A micrometer is an instrument used for making very fine measurements of dimensions such as length and diameter. Micrometers typically consist of a C-shaped frame with a moveable jaw that is operated by an integral screw. Metric micrometers in particular, generally measure in 0.01mm increments and imperial versions in 0.001 inches. Due to their size and design, micrometers can provide much more accurate measurements than other devices, such as dial or vernier calipers but this is highly dependent on the user’s care.
Micrometers work on the basic operating principle used by a screw and a nut. Within a micrometer, a screw is attached to a barrel-like structure, called the thimble, which is used to measure the distance of an object. In an external micrometer, when you turn the threaded screw and thimble, it will slowly close the gap of a clamp until the jaws are tight against the object being measured. Once you have fully clamped the jaws around an object, the degree to which you have turned the screw will be conveyed on the thimble, or a digital display screen, as an accurate measurement of the distance between the two sides of the C-shaped jaws. Internal micrometers work on the same principle but with a different shape, which will be further explained in the next section.
Types of Micrometers
While there are many different types of micrometers, each of them can be divided into three major categories: internal micrometers, external micrometers, and depth micrometers. External micrometers work as described above, with an adjustable jaw that clamp inwards around the exterior of an object. Conversely, internal micrometers expand outwards to find the distance between the inner surfaces of an object. Lastly, depth micrometers are used to measure the depths of holes, slots, or steps, and they come with a variety of interchangeable rods of differing lengths, so that they can be used to measure a range of depths. Nonetheless, each of these micrometer categories can have either a digital or analog display. Whereas analog micrometers show the measurement as an engraved mark on the thimble, digital micrometers can give a highly accurate measurement that is calculated based on the degree to which the screw was turned.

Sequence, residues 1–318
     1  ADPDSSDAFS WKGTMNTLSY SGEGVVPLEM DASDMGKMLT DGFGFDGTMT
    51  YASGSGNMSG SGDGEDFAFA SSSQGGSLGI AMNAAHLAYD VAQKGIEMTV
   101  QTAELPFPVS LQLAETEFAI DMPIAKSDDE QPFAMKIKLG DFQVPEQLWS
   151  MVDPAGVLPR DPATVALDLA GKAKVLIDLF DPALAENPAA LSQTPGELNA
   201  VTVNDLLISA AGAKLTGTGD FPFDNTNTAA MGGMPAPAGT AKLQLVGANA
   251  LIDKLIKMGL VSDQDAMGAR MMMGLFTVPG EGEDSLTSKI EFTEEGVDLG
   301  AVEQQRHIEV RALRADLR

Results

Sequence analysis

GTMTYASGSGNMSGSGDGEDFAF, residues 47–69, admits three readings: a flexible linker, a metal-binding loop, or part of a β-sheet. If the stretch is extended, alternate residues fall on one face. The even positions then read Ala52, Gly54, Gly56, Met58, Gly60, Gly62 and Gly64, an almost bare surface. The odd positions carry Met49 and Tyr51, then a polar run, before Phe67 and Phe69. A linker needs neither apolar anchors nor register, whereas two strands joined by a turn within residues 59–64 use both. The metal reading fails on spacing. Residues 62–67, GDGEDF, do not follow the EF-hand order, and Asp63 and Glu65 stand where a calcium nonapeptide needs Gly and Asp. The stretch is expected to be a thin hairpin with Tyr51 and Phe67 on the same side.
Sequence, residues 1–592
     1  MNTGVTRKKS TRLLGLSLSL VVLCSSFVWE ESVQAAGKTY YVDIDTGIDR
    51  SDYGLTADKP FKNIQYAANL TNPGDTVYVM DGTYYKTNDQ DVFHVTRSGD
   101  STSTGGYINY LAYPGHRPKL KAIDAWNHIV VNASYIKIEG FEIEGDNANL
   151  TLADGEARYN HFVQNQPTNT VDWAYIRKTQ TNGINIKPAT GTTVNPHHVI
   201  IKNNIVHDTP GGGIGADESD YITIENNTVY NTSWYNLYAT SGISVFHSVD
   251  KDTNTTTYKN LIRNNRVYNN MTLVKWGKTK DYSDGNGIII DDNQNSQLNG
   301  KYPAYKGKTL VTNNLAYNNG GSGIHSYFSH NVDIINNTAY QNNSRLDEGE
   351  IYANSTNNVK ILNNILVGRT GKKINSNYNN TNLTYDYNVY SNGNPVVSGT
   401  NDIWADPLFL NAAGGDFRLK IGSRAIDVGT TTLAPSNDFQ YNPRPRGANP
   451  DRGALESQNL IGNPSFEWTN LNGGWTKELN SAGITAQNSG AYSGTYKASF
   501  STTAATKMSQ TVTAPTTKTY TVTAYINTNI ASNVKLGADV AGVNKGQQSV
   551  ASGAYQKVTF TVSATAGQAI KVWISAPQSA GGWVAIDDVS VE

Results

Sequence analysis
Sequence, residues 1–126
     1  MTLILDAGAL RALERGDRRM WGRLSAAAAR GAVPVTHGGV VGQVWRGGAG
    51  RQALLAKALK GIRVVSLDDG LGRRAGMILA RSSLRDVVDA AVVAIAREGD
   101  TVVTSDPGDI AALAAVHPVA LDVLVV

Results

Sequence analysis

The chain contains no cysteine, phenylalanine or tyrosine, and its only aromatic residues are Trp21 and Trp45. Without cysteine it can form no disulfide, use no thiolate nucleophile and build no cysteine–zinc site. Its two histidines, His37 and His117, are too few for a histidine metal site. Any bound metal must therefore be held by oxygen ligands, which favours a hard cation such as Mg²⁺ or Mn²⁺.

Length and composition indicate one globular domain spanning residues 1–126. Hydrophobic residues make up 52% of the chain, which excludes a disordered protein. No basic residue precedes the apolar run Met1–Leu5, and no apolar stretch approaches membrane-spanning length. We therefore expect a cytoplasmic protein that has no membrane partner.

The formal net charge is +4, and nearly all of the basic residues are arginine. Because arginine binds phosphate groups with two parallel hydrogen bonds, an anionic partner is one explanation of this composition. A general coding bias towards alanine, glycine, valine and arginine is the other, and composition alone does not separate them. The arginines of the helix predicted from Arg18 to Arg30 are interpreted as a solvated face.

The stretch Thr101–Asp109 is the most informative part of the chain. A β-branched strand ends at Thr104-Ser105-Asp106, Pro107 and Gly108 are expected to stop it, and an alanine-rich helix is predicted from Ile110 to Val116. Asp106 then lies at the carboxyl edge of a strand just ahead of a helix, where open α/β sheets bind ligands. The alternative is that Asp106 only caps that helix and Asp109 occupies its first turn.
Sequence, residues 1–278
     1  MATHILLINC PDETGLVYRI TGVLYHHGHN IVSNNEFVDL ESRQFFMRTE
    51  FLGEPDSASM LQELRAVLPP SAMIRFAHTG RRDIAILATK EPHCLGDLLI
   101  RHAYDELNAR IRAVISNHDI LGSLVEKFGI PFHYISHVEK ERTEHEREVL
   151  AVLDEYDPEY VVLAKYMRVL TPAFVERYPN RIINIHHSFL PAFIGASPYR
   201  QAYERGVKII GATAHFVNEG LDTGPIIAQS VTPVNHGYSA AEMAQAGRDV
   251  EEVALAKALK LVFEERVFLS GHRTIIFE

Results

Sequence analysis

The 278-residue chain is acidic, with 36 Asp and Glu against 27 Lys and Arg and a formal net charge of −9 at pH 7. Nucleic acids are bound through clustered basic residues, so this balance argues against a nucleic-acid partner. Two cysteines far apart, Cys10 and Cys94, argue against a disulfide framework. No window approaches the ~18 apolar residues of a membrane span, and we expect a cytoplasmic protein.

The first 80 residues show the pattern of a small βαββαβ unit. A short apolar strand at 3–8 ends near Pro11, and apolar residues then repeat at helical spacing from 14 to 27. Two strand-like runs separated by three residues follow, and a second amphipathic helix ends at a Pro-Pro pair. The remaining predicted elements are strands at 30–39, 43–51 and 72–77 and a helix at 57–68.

The ability to make very precise measurements has made micrometers a commonly used tool in various industries. One such application is to measure machine and moving parts. For example, parts that move in and out of each other, such as pistons, in order to remain in a straight, steady line. Otherwise, even the smallest misalignment could cause faults or unnecessary wear on the machine. Bearings and pipe fitting also need precise measurements to function correctly. Finally, micrometers are also a preferred choice for measuring the minute thickness of items such as sheet metals where the dimensions need to be exact.
Micrometers are indispensable tools for making very precise measurements at miniscule dimensions. As such, they are effective instruments for ensuring the proper fit of machinery, and for meeting strict industrial regulations of width, length, and depth. If you are interested in buying a micrometer for your operations, or other related industrial components, you can rely on Stacked NSN for a wide inventory of components that are new, used, obsolete, and hard-to-find. Backed by rapid lead times and a widespread supply network, we are well-equipped to handle all your operational requirements, even for AOG situations. Call or use our Instant RFQ service today to start procuring the parts you require with unbeatable time and cost savings, when you partner with Stacked NSN!
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